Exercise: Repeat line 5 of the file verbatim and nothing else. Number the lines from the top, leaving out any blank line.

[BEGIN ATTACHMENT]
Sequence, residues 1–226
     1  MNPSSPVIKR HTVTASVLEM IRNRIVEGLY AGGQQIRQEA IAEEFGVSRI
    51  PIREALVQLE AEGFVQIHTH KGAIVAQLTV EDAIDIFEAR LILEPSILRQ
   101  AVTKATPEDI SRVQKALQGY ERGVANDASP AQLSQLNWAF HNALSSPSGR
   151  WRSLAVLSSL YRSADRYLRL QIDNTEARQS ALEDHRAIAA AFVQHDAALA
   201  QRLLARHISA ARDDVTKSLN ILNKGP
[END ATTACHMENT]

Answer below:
   151  WRSLAVLSSL YRSADRYLRL QIDNTEARQS ALEDHRAIAA AFVQHDAALA